Aydin Mirzaee (Fellow.app)  15:34

So I just want to emphasize how interesting, like the phrasing you use was that most people, you know, they’re doing motivational micromanaging, their packaging, the advice that they’re giving with enthusiasm, and they think that that’s coaching, I just, I think the I think labels are really powerful. And sometimes, like, labels explain very well, what might not be obvious otherwise, but that, but that’s super interesting, like the way that you go to a soccer game and say, way to go, Jerry, you know, something like that. That’s not coaching. Okay. So you can proceed, let us know, like, what, what are some steps people can take to do coaching?

Dr. Julia Milner  16:18

Well, I think it’s, it’s good if you have a positive attitude. So if we talk about skills, the skills, we kind of, like develop from our studies. And from what we know is out there, around, you know, listening, questioning, goal setting and feedback, then we have things like providing structure, working with strengths, working with values, and working more with a solution-focused approach. So these are all things that come then into play. And what we found is that the basis for all of this is empathy. And I think that’s so so important. And I had like many leaders are saying to me, oh, Juliet, you know what I mean, I struggled before the pandemic, I struggled with empathy, like face to face. But now, you know, I’m leaving, like, virtually, and I’m sorry about how am I going to be empathetic, you know, while I’m there. So I think that’s something so, so important for leaders to Yeah, I don’t know if you can say learn. But I think it’s also a skill that absolutely can be learned. And it might be easier for some than for others. But we know that to be a successful coach and our studies, the basis was empathy. So if you can build that connection, and if you have that empathy, it’s much easier to put the other skills to it. But I want to encourage you this because what we saw in our studies is that in the beginning, he just might not be coaching, but with a very short amount of training, they can improve on all of those skills, some easier to improve or quicker to improve than others, but they can for sure improve. So there’s hope.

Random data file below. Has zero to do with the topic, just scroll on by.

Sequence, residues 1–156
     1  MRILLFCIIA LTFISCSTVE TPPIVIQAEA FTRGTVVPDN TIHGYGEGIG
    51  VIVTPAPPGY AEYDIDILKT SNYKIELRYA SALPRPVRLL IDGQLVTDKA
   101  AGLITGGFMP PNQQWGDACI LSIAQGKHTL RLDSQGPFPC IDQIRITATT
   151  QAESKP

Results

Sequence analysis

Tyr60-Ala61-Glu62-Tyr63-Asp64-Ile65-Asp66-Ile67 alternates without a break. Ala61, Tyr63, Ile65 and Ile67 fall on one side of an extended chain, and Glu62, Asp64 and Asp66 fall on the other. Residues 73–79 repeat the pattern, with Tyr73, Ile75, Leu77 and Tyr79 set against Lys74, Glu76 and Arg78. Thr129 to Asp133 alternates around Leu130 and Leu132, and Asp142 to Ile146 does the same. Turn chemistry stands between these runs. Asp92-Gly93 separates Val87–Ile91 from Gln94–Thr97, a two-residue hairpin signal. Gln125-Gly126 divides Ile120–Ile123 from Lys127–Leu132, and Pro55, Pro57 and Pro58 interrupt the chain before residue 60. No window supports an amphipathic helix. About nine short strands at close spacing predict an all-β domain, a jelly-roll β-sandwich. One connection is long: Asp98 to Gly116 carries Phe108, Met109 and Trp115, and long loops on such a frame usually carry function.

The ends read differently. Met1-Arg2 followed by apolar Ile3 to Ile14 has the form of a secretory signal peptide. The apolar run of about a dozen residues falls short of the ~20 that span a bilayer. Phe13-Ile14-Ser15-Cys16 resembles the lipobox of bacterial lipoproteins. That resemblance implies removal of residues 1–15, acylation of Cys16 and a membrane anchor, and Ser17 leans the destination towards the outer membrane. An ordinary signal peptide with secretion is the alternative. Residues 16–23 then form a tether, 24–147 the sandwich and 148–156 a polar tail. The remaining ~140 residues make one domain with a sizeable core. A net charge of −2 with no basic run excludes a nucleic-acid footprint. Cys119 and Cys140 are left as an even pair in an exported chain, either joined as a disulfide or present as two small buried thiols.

Aydin Mirzaee (Fellow.app)  17:58

I like that, I guess one of the scenarios that, like, we probably run into this because we get a lot of managers who are experts in their fields. And then and then it makes sense. You know, there’s, there are some rational reasons for us to, you know, turn them into managers and leaders of teams. But you’ve also talked about, you know, you can’t, you can not be the expert in the room, and be a great manager by, you know, figuring out the expertise of other people. So I guess, like, you know, for the new managers, like for someone that says is your senior leader within an organization, you’re about to promote someone into the manager role. What conversations should you have with that new manager?

Dr. Julia Milner  18:49